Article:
I think I can understand the technical point Gorum presents- arrogance and underestimating your enemies means you put yourself at risk (I am sure you can apply this lesson to actual battle where the command takes unnecessary casualties against weaker opponents) and you disrespect their desire to fight.

We had a small child in our campaign once who did 1d2+7 with a butter knife.
Eren Yeager?

How??? You have straight peaked my interest on how a small child gets a +7 to damage! Also, I'm in tears reading this. This thread got a little boring for a moment until the gods stepped in, but this just sets it for me. GODS! HOW COULD YOU LET SUCH A SMALL CHILD WRECK SO MUCH???


Slashing grace.


Depends on which rules they're using for young characters. If they're just applying the template, you can get a child to 22 Dex pretty easily. Three levels of unchained rogue later and you're rocking +6 to damage. Another +1 should be straightforward. (And hey, sneak attack!)

If you're using the full rules for young characters from Ultimate Campaign, that's trickier without a +1 agile butter knife.


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Pathfinder Adventure Path, Rulebook, Starfinder Adventure Path, Starfinder Roleplaying Game, Starfinder Society Subscriber
KyleS wrote:
Asmodeus' Advocate wrote:
doomman47 wrote:
lemeres wrote:


Admittedly, even children with knives can be a marginal threat. Obviously, they can't win. No dispute there. But that doesn't mean they can't do damage.

First- they are at a good height to attack the legs (and maybe more sensitive areas). I don't want to make the skyrim reference, but I am sure we can all understand my point there. That could end the career of a warrior if he can't afford to get magic healing, and it is at least a disadvantage in other fights until he gets healed.
Secondly- The kid might be even more of a threat if he has a terrible knife- a rusty knife brings the problem of tetanus. Remove disease requires an addition 2 spell levels compared to just healing a wound. This is a pseudo medieval setting, afterall.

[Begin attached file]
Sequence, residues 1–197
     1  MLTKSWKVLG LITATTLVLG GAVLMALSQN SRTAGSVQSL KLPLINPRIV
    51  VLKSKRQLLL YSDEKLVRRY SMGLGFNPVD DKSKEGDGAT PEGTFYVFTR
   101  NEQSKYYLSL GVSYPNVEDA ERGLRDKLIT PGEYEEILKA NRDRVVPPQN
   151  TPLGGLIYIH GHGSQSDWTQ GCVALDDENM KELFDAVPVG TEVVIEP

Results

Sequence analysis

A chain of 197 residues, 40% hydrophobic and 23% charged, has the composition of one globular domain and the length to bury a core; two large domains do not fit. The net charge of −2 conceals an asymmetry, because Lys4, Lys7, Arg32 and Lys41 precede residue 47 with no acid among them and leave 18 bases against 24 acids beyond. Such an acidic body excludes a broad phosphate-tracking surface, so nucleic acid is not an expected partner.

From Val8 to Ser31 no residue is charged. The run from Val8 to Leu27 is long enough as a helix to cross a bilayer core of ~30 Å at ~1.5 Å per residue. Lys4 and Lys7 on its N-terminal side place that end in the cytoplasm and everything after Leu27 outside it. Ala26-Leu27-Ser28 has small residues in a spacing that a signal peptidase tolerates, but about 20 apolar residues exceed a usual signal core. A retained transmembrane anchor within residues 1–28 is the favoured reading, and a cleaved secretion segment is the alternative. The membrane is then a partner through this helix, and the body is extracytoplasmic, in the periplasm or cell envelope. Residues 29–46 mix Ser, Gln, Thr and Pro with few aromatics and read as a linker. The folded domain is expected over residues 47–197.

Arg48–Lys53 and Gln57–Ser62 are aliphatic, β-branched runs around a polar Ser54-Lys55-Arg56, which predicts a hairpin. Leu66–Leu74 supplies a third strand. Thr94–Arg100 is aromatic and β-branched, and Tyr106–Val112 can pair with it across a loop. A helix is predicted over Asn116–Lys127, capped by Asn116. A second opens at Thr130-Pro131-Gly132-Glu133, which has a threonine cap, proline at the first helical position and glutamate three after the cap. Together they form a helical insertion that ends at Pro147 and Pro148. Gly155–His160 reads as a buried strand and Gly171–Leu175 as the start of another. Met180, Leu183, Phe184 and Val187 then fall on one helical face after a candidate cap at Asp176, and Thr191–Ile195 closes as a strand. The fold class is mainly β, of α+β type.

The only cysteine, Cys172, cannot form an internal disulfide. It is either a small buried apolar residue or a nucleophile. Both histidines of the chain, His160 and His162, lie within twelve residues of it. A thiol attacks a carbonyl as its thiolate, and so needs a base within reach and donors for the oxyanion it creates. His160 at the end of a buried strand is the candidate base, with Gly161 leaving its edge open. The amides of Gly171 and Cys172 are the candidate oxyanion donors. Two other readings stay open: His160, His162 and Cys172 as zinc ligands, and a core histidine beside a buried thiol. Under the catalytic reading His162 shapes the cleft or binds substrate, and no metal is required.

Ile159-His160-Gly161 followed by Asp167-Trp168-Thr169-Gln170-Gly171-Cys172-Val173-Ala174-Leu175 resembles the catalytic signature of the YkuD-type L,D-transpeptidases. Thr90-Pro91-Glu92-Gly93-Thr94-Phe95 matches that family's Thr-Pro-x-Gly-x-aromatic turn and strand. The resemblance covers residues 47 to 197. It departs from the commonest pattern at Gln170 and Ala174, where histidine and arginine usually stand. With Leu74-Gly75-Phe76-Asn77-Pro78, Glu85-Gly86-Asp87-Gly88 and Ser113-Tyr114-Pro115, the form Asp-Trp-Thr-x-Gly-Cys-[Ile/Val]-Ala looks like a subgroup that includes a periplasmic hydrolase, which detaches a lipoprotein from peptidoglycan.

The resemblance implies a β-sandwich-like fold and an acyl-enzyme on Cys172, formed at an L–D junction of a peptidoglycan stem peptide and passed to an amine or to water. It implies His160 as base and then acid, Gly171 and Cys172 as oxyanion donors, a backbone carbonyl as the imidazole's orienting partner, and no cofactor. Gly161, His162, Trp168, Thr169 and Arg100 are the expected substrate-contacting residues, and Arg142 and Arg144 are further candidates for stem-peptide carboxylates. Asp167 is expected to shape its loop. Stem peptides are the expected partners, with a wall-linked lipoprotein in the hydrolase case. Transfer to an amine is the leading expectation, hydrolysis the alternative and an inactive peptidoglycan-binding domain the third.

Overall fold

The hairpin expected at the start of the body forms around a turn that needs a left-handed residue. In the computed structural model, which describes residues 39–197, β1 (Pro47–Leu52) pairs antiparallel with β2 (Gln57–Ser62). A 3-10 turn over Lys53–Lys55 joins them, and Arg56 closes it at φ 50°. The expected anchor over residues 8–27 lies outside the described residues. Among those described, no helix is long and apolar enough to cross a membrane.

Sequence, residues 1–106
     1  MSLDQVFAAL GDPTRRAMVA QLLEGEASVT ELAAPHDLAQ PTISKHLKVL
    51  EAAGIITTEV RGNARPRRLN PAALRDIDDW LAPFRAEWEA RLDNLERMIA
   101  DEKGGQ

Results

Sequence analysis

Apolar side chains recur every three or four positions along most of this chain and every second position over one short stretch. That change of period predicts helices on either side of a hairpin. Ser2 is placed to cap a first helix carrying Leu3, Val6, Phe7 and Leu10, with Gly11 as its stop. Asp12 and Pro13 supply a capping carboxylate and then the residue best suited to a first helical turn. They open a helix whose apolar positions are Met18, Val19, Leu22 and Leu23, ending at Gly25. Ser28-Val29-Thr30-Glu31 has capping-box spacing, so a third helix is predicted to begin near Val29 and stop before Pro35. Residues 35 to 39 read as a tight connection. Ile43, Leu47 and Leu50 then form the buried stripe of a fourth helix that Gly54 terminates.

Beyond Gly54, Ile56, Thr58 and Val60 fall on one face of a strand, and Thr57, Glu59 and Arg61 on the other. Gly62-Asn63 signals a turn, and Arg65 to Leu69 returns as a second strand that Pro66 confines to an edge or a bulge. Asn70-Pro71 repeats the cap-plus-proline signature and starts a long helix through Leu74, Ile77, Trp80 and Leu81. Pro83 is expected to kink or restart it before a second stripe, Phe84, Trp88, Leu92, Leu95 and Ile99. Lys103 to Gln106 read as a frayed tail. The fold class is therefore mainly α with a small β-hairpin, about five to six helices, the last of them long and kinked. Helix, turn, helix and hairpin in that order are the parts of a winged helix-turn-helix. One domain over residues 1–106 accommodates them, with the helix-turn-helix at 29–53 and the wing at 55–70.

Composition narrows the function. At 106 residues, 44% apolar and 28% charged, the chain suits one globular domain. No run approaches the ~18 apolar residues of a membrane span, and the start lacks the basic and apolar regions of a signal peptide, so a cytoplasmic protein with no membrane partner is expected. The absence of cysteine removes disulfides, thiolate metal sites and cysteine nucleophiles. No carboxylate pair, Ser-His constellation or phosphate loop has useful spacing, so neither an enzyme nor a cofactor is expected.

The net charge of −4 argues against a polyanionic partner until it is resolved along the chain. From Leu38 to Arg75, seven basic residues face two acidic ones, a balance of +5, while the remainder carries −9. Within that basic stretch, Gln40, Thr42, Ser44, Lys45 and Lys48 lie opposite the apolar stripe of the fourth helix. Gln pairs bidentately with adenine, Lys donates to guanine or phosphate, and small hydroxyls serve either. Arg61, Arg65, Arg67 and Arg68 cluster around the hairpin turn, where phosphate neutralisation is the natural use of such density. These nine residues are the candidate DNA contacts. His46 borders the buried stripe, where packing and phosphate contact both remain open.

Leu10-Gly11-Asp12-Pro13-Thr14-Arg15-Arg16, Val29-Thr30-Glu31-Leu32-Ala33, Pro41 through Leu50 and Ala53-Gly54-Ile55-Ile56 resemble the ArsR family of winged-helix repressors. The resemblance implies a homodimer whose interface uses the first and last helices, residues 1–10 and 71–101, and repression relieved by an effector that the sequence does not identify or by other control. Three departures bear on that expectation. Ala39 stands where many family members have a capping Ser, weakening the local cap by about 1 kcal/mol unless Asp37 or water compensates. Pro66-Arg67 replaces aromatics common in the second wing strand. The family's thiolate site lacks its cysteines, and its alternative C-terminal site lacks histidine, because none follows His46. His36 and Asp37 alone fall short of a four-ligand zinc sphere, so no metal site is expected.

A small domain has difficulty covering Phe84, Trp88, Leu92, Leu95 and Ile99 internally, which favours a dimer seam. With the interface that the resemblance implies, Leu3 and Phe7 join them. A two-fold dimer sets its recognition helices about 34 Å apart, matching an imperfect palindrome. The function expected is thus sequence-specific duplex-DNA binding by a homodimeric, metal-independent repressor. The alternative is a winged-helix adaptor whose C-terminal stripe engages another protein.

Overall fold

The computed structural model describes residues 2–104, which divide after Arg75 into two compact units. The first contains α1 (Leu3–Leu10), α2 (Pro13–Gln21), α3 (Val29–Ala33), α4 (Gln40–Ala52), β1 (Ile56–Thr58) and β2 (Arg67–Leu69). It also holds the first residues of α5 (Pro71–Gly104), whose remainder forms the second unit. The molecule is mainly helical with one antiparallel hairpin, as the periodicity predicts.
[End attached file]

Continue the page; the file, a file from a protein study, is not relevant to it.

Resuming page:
I think I can understand the technical point Gorum presents- arrogance and underestimating your enemies means you put yourself at risk (I am sure you can apply this lesson to actual battle where the command takes unnecessary casualties against weaker opponents) and you disrespect their desire to fight.

We had a small child in our campaign once who did 1d2+7 with a butter knife.
Eren Yeager?
How??? You have straight peaked my interest on how a small child gets a +7 to damage! Also, I'm in tears reading this. This thread got a little boring for a moment until the gods stepped in, but this just sets it for me. GODS! HOW COULD YOU LET SUCH A SMALL CHILD WRECK SO MUCH???

Do you not have children? As a parent of two children I find +7 to damage a little low, unless that's the modifier BEFORE they're given sugar...


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Pathfinder Maps Subscriber

This is a fair point. I don't often get beaten on by my girlfriend's three year old. But her laughter apparently attests to this notion of +7 lol.


KyleS wrote:
Asmodeus' Advocate wrote:
doomman47 wrote:
lemeres wrote:


Admittedly, even children with knives can be a marginal threat. Obviously, they can't win. No dispute there. But that doesn't mean they can't do damage.

First- they are at a good height to attack the legs (and maybe more sensitive areas). I don't want to make the skyrim reference, but I am sure we can all understand my point there. That could end the career of a warrior if he can't afford to get magic healing, and it is at least a disadvantage in other fights until he gets healed.
Secondly- The kid might be even more of a threat if he has a terrible knife- a rusty knife brings the problem of tetanus. Remove disease requires an addition 2 spell levels compared to just healing a wound. This is a pseudo medieval setting, afterall.